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Politically Incorrect
Format Comedy, Discussion
Starring Bill Maher
Country of origin USA
Running time 30 minutes
Original channel Comedy Central (1993–1997)
ABC (1997–2002)
Original run July 25, 1993 – July 5, 2002
Followed by Real Time with Bill Maher

Politically Incorrect was a late-night, half-hour political talk show hosted by Bill Maher that ran from 1993 to 2002. It aired on Comedy Central from 1993 to 1996, and on ABC from 1997 to 2002.

The show first originated from New York City, but soon moved to Los Angeles to make it easier to get "stars" as guests. It was taped at CBS Television City, where it remained even after its move to ABC. (Coincidentally, the New York episodes were shot at the CBS Broadcast Center.) The first episode featured comedian Jerry Seinfeld, Howard Stern sidekick Robin Quivers, Republican Party strategist Ed Rollins, and comedian Larry Miller. The show won a 2000 Emmy Award for Outstanding Technical Direction, Camerawork, Video for a Series, and was nominated for seventeen others, including one for Outstanding Variety, Music or Comedy Series every year from 1995 to 2002, and one in 1997 for Maher in the category of Outstanding Performance in a Variety or Music Program. The show also won two CableACE Awards in 1995 and 1996 for Talk Show Series, and was nominated for a third in 1997. It was also nominated for two Writers Guild of America awards for best Comedy/Variety series in 2001 and 2002. [1]

The show's writers included Scott Carter, Al Franken, Arianna Huffington, Chris Kelly, DJ Jazzy Jeff, and Chris Rock.

Frequent guests included Arianna Huffington, Michael McKean, Ann Coulter, and Carrot Top.



Bill Maher in 2007

The show began with a brief topical monologue from Maher. Then Maher introduces the guests individually, promoting their current projects. Four guests appear, usually a mix of individuals from show business, popular culture, pundits, political consultants, and occasionally regular people in the news, discussing topics in the news selected by Maher. Maher moved the conversation along and encouraged guests to be themselves. Maher described the program as "The McLaughlin Group on acid." [2]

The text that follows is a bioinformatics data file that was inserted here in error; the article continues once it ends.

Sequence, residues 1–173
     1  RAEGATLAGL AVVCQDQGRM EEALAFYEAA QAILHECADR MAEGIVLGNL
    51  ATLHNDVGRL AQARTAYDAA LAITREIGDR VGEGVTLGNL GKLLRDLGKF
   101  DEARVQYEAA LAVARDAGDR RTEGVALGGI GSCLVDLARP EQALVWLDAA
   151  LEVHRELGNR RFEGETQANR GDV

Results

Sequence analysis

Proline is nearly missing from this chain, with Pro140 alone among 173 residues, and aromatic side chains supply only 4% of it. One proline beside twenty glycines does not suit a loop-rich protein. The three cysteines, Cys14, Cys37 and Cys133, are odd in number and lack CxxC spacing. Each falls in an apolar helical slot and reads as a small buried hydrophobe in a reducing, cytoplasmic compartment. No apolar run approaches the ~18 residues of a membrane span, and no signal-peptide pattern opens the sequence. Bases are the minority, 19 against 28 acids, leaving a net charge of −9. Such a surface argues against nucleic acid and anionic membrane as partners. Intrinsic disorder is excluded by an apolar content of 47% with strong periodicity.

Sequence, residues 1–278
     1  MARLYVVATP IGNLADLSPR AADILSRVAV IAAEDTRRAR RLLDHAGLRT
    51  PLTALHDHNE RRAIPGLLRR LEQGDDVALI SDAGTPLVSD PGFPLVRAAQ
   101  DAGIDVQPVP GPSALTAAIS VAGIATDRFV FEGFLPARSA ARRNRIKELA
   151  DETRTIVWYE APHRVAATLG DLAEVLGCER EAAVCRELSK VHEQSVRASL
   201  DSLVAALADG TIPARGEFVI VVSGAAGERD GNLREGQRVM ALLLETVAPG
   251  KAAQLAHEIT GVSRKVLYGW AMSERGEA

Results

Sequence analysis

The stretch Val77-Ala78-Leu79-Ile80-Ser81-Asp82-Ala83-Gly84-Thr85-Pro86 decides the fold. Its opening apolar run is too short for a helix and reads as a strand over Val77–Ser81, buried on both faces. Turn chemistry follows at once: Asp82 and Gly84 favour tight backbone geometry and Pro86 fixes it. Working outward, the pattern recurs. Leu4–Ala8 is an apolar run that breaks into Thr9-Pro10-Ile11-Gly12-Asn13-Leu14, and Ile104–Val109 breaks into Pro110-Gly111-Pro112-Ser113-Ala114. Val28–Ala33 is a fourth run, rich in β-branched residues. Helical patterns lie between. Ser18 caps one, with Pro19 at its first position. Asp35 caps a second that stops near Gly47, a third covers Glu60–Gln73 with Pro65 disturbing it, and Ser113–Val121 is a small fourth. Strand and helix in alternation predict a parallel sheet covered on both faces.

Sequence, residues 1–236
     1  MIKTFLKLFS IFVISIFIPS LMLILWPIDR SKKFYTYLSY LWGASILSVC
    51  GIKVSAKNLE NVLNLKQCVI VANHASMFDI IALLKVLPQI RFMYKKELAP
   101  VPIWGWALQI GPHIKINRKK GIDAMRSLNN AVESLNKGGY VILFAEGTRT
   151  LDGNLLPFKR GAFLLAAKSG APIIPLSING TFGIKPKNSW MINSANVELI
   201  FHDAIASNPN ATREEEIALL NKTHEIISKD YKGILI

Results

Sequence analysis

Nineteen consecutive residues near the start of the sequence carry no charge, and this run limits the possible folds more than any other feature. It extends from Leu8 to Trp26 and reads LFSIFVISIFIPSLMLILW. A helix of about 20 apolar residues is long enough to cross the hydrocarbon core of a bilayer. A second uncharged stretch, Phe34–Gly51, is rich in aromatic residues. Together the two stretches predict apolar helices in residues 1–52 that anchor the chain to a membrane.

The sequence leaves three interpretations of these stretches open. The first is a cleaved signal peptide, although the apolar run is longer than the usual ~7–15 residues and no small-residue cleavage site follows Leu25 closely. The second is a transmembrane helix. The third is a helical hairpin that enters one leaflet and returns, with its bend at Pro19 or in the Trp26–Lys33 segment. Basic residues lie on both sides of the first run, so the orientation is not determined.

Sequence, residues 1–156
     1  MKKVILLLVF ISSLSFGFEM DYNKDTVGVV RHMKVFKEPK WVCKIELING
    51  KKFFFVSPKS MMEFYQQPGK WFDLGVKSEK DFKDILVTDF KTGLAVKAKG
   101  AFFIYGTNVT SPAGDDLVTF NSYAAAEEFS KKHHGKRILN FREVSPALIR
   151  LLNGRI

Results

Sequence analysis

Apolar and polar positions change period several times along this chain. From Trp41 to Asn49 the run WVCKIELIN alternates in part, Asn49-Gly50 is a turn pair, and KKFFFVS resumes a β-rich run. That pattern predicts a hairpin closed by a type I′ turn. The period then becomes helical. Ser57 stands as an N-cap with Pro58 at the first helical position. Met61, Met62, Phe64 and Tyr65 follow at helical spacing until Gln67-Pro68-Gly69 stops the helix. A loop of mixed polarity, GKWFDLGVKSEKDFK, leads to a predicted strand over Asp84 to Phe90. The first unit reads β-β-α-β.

On rare occasions, Maher would interview a single guest. The show was pioneering in mixing political figures and entertainers. Maher tried to air all points of view, especially controversial ones. Guests could be both aggravating and insightful, with the conversation similar to a cocktail party with quick-witted guests. [2]

Controversy and cancellation

In the aftermath of the September 11 attacks on the World Trade Center and elsewhere, U.S. President George W. Bush said that the terrorists responsible were cowards. (Included in the September 11 attacks was the crash of American Airlines Flight 77, which included the death of frequent guest Barbara Olson, and Maher left a panel chair empty for a week afterwards.) On Politically Incorrect's September 17 show, Maher's guest Dinesh D'Souza disputed Bush's label, saying the terrorists were warriors.[3] Maher agreed, and according to a transcript replied "We have been the cowards, lobbing cruise missiles from 2,000 miles away. That's cowardly. Staying in the airplane when it hits the building, say what you want about it, it's not cowardly".[3]

While similar comments had been made in other media, Maher's comments became a major controversy.[3] Some advertisers withdrew their support, and some ABC affiliates stopped airing the show temporarily.[3] White House press secretary Ari Fleischer denounced Maher, warning that "people have to watch what they say and watch what they do."[4]

Maher almost immediately apologized, and explained that he had been criticizing U.S. military policy, not American soldiers. He pointed out that whether the attacks were cowardly was irrelevant to whether they were morally right or wrong.

The show was canceled the following June, which Maher and many others saw as a result of the controversy, although ABC denied that the controversy was a factor, and said the program was canceled due to declining ratings.[5][6][7] Maher said that the show struggled for advertisers in its final months.[8]

Maher now hosts an hour-long program on HBO called Real Time with Bill Maher, which follows a similar format.

See also


  1. ^ "Awards for "Politically Incorrect"". IMDb. Retrieved 2009-06-20.  
  2. ^ a b "TELEVISION; Lots of Political Humor, and No Morton Kondracke". New York Times. 1994-02-27.,%20Bill. Retrieved 2008-01-17.  
  3. ^ a b c d Bohlen, Celestine. (2001-09-21.) "Think tank; In new war on terrorism, words are weapons, too". The New York Times online archive. Retrieved on 2007-10-09.
  4. ^ Carter, Bill and Felicity Barringer. (2001-09-28.) "A nation challenged: Speech and expression; in patriotic time, dissent is muted". The New York Times online archive. Retrieved on 2007-10-09.
  5. ^ (2003-05-05.) "Maher: Politically incorrect on broadway". CBS News website. Retrieved on 2007-10-09.
  6. ^ Kirn, Walter. (2002-05-26.) "The way we live now: 5-26-02; The end of the affair". The New York Times online archive. Retrieved on 2007-10-09.
  7. ^ Associated Press. (2002-06-29.) "Maher tapes final episode of 'Politically Incorrect'". USA Today online, retrieved on 2007-10-09.
  8. ^ Maher, Bill. (2006-09-10.) "When can we finally be funny again?" The Los Angeles Times via Retrieved on 2007-10-09.

External links



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